Monday, January 24, 2022

Time to Build a More Equitable World

By The Editorial Team Updated: Mar 02, 2020 11:29 pm

On the evening of March 1, 2020, the women of Nagaland’s capital city Kohima took to the streets, joining the rest of the country to campaign for women safety. The walk was organised by Nagaland State Commission for Women (NSCW) under the direction of the National Commission for Women (NCW). The campaign aimed at highlighting the importance of a safe environment for women in public spaces with emphasis on road safety, and to help facilitate a change in society’s mindset including the eradication of victimhood and victim blame. As India continues to await the verdict on the Nirbhaya case, wherein a 23-year-old paramedical student was brutally gang raped in a moving bus on the night of December 16-17, 2012, the women of India and the world marched to see true social and political change.

Violence against women is a major social problem and is a violation of women’s human rights. The World Health Organisation estimates that about one in three (35%) women worldwide have experienced some form of sexual violence in their lifetime. Sexual violence against women and girls is rooted in centuries of male domination. Patriarchal setups around the world have perpetuated gender inequalities that fuel rape. Lack of education opportunities, low literacy rates, lack of awareness and work opportunities have led to unequal political, social, economic and health status for womankind. Men are more likely to perpetuate violence if they have less education, are exposed to domestic violence against their mothers, abuse alcohol, and societal values of unequal gender norms and a sense of entitlement over women.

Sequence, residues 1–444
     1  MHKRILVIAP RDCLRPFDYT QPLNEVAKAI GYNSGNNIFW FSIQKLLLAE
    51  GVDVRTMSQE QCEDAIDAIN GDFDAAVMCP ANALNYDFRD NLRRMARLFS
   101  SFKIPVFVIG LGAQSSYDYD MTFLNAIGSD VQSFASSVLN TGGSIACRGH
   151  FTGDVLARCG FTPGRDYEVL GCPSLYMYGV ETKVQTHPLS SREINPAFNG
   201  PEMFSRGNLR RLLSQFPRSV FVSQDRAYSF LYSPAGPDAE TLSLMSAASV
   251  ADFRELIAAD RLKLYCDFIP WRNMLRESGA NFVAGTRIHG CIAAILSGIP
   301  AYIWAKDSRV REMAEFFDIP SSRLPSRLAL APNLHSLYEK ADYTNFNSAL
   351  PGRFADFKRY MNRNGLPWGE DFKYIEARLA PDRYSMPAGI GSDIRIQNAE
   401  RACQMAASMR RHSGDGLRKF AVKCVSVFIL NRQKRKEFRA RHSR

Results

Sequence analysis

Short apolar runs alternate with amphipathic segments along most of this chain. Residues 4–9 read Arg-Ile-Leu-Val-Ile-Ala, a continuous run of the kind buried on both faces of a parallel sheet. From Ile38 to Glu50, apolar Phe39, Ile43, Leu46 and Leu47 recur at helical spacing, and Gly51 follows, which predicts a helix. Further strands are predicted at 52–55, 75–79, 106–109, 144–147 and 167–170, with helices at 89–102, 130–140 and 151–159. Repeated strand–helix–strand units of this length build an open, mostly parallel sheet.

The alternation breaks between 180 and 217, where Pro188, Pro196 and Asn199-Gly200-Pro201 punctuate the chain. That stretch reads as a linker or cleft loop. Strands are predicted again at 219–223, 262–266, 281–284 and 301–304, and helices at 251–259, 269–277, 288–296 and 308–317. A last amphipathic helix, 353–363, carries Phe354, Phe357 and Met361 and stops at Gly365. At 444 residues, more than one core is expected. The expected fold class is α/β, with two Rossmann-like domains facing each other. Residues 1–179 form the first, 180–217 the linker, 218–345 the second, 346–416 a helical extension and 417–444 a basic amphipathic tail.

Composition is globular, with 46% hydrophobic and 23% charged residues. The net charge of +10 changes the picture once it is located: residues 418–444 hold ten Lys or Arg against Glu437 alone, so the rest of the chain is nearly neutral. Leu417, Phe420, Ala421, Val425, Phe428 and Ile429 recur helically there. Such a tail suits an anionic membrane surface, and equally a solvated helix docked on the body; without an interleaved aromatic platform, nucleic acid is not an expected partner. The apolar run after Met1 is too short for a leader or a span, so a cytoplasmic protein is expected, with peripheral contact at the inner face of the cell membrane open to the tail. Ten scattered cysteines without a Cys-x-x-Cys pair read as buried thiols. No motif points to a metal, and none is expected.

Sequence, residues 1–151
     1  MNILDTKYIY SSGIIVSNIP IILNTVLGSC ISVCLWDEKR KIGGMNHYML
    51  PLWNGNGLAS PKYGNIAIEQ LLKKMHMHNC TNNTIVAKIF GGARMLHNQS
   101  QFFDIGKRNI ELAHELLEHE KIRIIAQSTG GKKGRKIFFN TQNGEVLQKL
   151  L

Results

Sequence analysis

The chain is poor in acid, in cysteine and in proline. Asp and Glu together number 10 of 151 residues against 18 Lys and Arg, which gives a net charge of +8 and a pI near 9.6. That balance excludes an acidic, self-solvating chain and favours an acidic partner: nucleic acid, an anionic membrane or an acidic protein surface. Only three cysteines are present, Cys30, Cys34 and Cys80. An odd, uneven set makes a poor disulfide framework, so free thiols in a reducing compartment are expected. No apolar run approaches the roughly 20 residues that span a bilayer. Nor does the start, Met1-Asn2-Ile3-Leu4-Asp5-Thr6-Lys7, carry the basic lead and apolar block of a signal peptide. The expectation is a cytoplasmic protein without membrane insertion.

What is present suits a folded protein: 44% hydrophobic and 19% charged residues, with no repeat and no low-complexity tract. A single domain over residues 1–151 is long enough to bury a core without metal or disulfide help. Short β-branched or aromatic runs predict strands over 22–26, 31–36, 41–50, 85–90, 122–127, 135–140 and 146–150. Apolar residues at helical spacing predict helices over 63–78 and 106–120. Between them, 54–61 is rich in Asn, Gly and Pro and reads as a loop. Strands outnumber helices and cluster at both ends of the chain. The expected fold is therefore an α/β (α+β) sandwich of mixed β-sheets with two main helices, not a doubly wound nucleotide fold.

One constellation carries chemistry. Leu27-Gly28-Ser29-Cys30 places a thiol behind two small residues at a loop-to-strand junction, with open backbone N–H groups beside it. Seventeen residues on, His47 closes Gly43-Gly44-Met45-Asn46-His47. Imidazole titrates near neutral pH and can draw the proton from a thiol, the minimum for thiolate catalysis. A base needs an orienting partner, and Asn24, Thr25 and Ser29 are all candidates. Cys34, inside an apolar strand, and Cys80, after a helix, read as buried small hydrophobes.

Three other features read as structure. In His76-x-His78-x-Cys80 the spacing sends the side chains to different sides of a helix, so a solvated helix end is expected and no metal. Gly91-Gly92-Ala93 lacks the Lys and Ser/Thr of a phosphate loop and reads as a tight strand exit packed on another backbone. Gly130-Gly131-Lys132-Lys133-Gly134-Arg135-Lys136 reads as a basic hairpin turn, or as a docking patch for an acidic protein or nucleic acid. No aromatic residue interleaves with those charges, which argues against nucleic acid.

Empowerment and autonomy of women and girls, and the improvement of their status in society are crucial factors for reversing today’s environment and scenario. Women and girl empowerment are essential for true and sustainable development of societies. Education is perhaps the most important key to empowering women and girls with knowledge, skills and self confidence necessary to be a productive and empowered part of society. Education does not end with improving literacy rates; awareness programmes are crucial to educate men, women, children and whole societies of the rights of women. The integration of women folk with the workforce, political decision-making and elimination of inequalities between men and women require the participation of all people. Capacity building to equip women with autonomy of earnings and life determining decisions is another crucial aspect of empowerment. All over the world, women and girls are facing threats to their lives, health and well-being, however we can change the trends of the past and build a more equitable world. The time to act is now.

By The Editorial Team Updated: Mar 02, 2020 11:29:00 pm